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Mol Pharmacol. 2001 Apr;59(4):674-83.

Nootropic drug modulation of neuronal nicotinic acetylcholine receptors in rat cortical neurons.

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Department of Molecular Pharmacology and Biological Chemistry, Northwestern University Medical School, Chicago, Illinois 60611, USA.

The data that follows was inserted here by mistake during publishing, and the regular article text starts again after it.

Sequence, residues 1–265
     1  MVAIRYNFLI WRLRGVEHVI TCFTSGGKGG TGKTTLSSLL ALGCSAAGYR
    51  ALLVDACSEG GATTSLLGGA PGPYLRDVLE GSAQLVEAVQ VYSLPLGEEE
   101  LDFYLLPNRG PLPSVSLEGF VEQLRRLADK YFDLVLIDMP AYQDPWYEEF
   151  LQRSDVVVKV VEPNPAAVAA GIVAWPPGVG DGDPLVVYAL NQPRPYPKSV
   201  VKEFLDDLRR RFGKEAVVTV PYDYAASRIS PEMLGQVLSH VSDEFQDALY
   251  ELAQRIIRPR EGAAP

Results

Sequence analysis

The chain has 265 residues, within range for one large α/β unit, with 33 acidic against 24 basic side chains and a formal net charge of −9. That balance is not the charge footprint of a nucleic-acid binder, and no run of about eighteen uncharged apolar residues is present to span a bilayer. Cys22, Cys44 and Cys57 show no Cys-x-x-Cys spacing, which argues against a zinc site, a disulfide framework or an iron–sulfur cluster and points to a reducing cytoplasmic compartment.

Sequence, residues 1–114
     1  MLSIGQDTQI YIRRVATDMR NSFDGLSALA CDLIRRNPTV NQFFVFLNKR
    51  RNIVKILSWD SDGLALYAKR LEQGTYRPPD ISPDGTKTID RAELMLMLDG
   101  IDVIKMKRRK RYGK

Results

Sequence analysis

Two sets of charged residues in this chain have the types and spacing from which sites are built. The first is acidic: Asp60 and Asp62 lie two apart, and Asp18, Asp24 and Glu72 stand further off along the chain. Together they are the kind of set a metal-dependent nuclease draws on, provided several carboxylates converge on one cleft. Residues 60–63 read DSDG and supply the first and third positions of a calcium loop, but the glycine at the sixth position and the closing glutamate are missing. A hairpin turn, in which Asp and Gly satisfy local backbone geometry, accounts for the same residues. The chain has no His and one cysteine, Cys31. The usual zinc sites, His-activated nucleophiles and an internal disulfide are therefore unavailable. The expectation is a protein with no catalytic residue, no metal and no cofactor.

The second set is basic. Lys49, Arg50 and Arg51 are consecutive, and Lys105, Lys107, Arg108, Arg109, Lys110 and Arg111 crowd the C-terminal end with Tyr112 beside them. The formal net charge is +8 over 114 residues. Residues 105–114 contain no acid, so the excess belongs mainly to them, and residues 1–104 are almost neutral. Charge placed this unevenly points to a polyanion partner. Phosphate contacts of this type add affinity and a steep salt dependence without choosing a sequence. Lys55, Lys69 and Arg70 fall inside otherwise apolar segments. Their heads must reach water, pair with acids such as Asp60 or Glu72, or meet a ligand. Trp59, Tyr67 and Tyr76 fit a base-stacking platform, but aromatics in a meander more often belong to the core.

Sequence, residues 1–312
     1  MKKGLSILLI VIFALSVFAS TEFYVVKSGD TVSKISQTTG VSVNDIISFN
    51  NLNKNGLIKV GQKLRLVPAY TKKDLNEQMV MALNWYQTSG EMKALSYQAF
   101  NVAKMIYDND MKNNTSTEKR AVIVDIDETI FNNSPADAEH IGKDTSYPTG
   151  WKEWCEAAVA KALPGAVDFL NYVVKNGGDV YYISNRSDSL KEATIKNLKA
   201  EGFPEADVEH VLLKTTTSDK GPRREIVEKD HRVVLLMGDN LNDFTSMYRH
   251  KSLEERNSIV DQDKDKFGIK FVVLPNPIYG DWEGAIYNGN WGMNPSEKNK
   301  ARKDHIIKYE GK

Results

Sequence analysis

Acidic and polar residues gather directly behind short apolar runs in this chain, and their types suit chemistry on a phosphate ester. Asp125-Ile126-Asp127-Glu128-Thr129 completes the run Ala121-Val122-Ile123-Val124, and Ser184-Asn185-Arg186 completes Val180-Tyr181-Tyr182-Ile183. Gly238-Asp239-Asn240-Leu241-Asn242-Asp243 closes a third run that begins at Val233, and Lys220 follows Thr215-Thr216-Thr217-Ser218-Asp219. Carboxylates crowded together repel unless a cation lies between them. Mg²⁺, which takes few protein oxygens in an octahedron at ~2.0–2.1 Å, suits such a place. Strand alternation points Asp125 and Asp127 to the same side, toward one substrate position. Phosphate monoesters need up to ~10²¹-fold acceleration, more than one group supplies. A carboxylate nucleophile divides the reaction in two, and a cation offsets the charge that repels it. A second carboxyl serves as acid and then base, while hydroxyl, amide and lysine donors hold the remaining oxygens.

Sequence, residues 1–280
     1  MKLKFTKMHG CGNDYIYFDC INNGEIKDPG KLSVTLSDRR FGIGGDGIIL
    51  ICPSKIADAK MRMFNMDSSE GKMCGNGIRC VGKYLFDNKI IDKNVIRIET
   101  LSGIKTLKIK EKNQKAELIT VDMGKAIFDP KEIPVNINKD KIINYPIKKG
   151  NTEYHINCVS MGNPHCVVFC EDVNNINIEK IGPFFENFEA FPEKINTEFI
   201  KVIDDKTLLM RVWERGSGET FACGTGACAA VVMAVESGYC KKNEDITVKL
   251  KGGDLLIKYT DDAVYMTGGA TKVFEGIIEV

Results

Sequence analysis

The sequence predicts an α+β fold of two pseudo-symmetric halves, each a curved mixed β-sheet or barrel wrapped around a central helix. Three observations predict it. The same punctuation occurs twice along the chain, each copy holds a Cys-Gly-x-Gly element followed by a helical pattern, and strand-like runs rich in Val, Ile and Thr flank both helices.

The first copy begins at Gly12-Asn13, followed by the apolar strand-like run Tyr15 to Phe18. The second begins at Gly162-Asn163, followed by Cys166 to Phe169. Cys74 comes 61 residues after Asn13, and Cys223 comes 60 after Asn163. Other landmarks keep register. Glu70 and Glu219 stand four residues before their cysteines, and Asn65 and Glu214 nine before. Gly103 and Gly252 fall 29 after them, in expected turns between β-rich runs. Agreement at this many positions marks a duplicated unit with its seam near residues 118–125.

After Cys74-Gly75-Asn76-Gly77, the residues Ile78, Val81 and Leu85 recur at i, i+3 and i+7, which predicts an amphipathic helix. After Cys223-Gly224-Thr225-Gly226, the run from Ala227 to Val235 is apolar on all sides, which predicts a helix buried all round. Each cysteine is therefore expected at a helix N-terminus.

Nefiracetam (DM-9384) is a new pyrrolidone nootropic drug being developed for the treatment of Alzheimer's type and poststroke vascular-type dementia. Because the cholinergic system plays an important role in cognitive functions and Alzheimer's disease dementia, the present study was conducted to elucidate the mechanism of action of nefiracetam and aniracetam on neuronal nicotinic acetylcholine receptors (nnAChRs). Currents were recorded from rat cortical neurons in long-term primary culture using the whole-cell, patch-clamp technique. Two types of currents were evoked by acetylcholine (ACh): alpha-bungarotoxin-sensitive, alpha 7-type currents and alpha-bungarotoxin-insensitive, alpha 4 beta 2-type currents. Although nefiracetam and aniracetam inhibited alpha 7-type currents only weakly, these nootropic agents potentiated alpha 4 beta 2-type currents in a very potent and efficacious manner. Nefiracetam at 1 nM and aniracetam at 0.1 nM reversibly potentiated alpha 4 beta 2-type currents to 200 to 300% of control. Nefiracetam at very high concentrations (approximately 10 microM) also potentiated alpha 4 beta 2-type currents but to a lesser extent, indicative of a bell-shaped dose-response relationship. Nefiracetam markedly increased the saturating responses induced by high concentrations of ACh. However, human alpha 4 beta 2 subunits expressed in human embryonic kidney cells were inhibited rather than potentiated by nefiracetam. The specific protein kinase A inhibitors (H-89, KT5720, and peptide 5-24) and protein kinase C inhibitors (chelerythrine, calphostin C, and peptide 19--63) did not prevent nefiracetam from potentiating alpha 4 beta 2-type currents, indicating that these protein kinases are not involved in nefiracetam action. The nefiracetam potentiating action was not affected by 24-h pretreatment of neurons with pertussis toxin, but was abolished by cholera toxin. Therefore, G(s) proteins, but not G(i)/G(o) proteins, are involved in nefiracetam potentiation. These results indicate that nnAChRs are an important site of action of nefiracetam and G(s) proteins may be its crucial target.

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